As several football clubs start the New Year in dire financial straits, a football insolvency expert warns that failing clubs could be shut down in 2012.
Brendan Guilfoyle of The P&A Group of Companies, who has handled football insolvencies at Crystal Palace, Leeds United, Luton Town and recently Plymouth Argyle, says that it may no longer be financially viable to save some clubs.
Guilfoyle and his colleagues at P&A have created a new model for future football insolvencies following the sale of Plymouth Argyle Football Club last autumn. The deal to sell the club took more than six months and, according to Guilfoyle, “penalised players, staff and advisers”.
He says: “P&A is planning a new model that will be fairer on everyone, more realistic about the chances of saving a failing club and make the process quicker and more transparent. Plymouth Argyle fans were passionate about saving their club. As a football fanatic myself I could understand their concerns and comments. But parts of the insolvency process and confidentiality clauses made it impossible to communicate as openly with fans and others as I would have liked.
”As a result fans took to forums, blogs and other social media to complain about the process and get their messages out.”
The proposed P&A plan will focus on three key areas – no secrecy and more transparency; involving fans and other stakeholders from the start of the process; setting a month’s time limit for a prospective purchaser to come up with all necessary funds.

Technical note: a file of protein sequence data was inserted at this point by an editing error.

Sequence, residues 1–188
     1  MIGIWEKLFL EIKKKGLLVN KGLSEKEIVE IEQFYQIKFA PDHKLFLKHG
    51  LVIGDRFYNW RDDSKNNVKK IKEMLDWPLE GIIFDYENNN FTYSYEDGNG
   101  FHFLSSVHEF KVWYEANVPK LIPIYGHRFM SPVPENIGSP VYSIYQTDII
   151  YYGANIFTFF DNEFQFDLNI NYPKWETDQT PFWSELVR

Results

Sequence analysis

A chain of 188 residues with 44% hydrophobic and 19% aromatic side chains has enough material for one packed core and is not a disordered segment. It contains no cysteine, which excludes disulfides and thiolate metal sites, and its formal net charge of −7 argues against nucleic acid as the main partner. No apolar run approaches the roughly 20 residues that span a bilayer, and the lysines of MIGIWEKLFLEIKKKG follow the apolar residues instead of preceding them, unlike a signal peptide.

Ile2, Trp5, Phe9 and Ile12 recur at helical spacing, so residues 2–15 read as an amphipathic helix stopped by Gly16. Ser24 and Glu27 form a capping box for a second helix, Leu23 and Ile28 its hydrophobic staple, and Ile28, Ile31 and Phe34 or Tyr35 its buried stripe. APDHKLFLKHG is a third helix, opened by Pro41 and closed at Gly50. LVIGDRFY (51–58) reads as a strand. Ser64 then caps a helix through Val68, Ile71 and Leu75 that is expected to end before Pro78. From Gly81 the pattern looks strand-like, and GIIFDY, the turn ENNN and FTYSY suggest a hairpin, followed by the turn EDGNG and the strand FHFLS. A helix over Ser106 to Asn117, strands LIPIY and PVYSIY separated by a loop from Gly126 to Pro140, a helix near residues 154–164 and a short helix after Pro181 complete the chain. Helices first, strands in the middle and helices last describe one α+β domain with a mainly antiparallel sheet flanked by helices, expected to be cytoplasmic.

In a blog on whether football clubs are worth saving Guilfoyle says: “At the outset of any administration we will be realistic with everyone – fans, creditors, players and staff – spelling out exactly what the prospects are for a rescue. The market has changed and is getting worse; we can no longer assume we can find buyers for football clubs. We also need everyone to understand what could scupper a potential purchaser. At Plymouth Argyle two potential buyers withdrew because of campaigns run by fans.
“In any future administrations we won’t sign any confidentiality or exclusivity clauses – that way we can keep fans, staff and other stakeholders involved and have open discussions. It is not financially viable to have protracted negotiations so we will have a short deadline for bids from potential purchasers – probably a month. We either get the money in full for the deal – as with other business administrations – or the club will be shut down.”
Brendan Guilfoyle’s blog is at http://partnership.pagroupplc.com/Blog/Football-clubs-are-they-businesses-worth-saving/391